By Connor Lynch
LANSDOWNE — The Grier family decided last year that it was time for a change. None of their adult kids wanted to take over the dairy farm, so 47-year-old Tracy Grier took the opportunity to pursue her passion, and 46-year-old Jamie decided to start something new closer to home.
Tracy is opening a bridal store called Limestone and Lace in Kingston this September, while Jamie will be opening a grain elevator not far from the family farm at Lansdowne, east of Kingston, in time for this year’s harvest.
Alongside the dairy operation, the Griers will continue to operate a cash crop farm and Seed Solutions, the seed business they have been operating for over 20 years. Dairy farming has been part of the family business since Jamie’s family’s been on the property, since 1842, as far as he knows.
But their kids weren’t interested in milking cows, so last fall out went the cows, along with the farm’s quota.
Milking the cows was Tracy’s job and passion, but wasn’t her only one of either. “You can milk cows and still like fancy things,” she said. “Now is my time to hang up the milkers.” Before the animals went out the door last November, they were milking 40 Holsteins in a tie-stall operation.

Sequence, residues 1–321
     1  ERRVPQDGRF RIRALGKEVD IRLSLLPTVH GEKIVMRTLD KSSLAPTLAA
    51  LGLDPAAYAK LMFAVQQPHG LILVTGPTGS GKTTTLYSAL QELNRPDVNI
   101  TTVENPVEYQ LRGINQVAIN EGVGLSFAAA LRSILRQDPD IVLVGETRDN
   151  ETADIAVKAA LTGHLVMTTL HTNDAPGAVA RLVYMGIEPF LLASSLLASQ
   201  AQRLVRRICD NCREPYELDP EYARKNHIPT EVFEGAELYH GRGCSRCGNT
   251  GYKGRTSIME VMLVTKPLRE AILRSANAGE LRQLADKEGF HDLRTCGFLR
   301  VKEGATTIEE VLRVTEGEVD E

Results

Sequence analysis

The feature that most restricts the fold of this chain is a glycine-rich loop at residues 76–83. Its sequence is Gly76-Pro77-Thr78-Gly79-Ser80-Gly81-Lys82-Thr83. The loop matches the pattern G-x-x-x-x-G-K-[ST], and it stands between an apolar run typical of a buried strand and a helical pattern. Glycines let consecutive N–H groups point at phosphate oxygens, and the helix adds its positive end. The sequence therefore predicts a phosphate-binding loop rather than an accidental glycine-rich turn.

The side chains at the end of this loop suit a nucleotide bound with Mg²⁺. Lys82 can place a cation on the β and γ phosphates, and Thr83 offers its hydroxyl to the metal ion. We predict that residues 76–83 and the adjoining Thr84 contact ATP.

The elevator, meanwhile, will only take corn and soybeans initially, but will have on-site drying with 4,000 bushel an hour capacity, 600,000 bushel dry capacity, and 16,000 bushel per hour unloading capacity, Jamie said.
It will be run under their seed business and largely managed by Napanee-native Taylor Earle, who’s been working with the Griers on the project. The elevator will be hosting an open house on Sept. 19 at 1992 County Rd. 3, Lansdowne, Ont.
For more info about Tracy’s bridal store, visit limestoneandlace.com.
EASTERN ONTARIO: Dairy family quits, opens elevator, bridal store
By Connor Lynch